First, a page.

Tamaqua museum hosting art exhibit at grand opening
The Tamaqua Historical Society will host the grand opening of its newly remodeled Tamaqua Museum Annex and Gallery this Saturday. The event will include an exhibit of the work of renowned Tamaqua artist J.G. Scott.
Scott started life as the son of a coal miner in Buck Mountain in 1887. His initial life plans were to follow in his father’s footsteps, working in the mines and creating inventions. A hunting accident as a teenager squashed those plans, leaving him with a disabled left arm, unable to perform the heavy manual labor needed to work in the mines.
He turned to art, studying at the Philadelphia Museum School on his way to becoming a commercial artist. The bulk of his craft was created for the Gibson Greeting Card Company, but he also designed magazine covers and calendars. For Gibson, he created more than 2,500 Valentine’s Day cards. His distinctive work featured rosy cheeked, cherubic children and cute animals for every occasion.
While his commercial work was a success, Scott decided to branch out into other endeavors. He served in the Pennsylvania General Assembly from 1925 through 1934 and as superintendent of the former Coaldale State General Hospital from 1939 to 1956. During this time, he also dabbled in portraits and landscapes, paintings he never sold.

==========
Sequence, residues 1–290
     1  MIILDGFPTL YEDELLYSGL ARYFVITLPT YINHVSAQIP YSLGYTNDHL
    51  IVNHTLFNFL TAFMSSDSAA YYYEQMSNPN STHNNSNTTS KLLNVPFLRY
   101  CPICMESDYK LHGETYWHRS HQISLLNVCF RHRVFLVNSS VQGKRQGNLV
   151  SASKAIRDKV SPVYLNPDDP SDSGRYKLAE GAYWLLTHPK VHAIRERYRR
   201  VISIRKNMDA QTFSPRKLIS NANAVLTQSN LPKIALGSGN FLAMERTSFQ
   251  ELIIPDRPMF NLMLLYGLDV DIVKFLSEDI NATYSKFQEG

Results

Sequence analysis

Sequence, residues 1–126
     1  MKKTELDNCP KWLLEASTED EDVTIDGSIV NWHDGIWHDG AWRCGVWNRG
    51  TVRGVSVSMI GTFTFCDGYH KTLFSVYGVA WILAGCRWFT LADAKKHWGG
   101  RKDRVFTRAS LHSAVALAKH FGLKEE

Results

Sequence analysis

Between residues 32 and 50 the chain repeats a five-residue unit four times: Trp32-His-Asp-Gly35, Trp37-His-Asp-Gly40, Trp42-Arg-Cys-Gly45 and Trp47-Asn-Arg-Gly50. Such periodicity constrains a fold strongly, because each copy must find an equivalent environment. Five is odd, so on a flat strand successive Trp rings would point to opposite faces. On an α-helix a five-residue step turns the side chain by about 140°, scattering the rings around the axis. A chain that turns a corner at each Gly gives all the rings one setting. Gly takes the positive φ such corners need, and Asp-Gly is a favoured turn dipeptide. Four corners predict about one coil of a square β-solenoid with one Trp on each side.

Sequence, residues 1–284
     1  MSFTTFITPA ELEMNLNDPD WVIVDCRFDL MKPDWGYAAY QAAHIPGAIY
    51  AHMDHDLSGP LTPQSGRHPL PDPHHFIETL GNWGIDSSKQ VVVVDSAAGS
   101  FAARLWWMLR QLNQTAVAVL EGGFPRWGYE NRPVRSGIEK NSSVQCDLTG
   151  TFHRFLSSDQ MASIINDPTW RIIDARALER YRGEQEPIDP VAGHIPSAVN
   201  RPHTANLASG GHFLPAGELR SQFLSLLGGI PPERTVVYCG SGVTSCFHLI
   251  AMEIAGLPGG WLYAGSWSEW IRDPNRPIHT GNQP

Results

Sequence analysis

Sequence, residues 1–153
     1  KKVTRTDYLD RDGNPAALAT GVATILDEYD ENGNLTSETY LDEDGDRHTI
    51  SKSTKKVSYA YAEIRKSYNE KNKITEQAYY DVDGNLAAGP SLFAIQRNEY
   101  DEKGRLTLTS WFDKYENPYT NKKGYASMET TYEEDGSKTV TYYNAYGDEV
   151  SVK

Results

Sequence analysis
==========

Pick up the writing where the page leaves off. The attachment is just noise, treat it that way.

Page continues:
Scott died in 1975 at his home in Tamaqua, but his artwork lives on, highly sought after by collectors.
The Tamaqua exhibit will feature hundreds of Scott’s creations, including several large paintings on loan to the historical society. Many of Scott’s descendants will be in attendance for what is being billed as a type of “homecoming.”
The grand opening and exhibit will be held from 5 to 9 p.m., Nov. 11, at 118 W. Broad St., Tamaqua.
Refreshments will be served and the public is welcome to attend.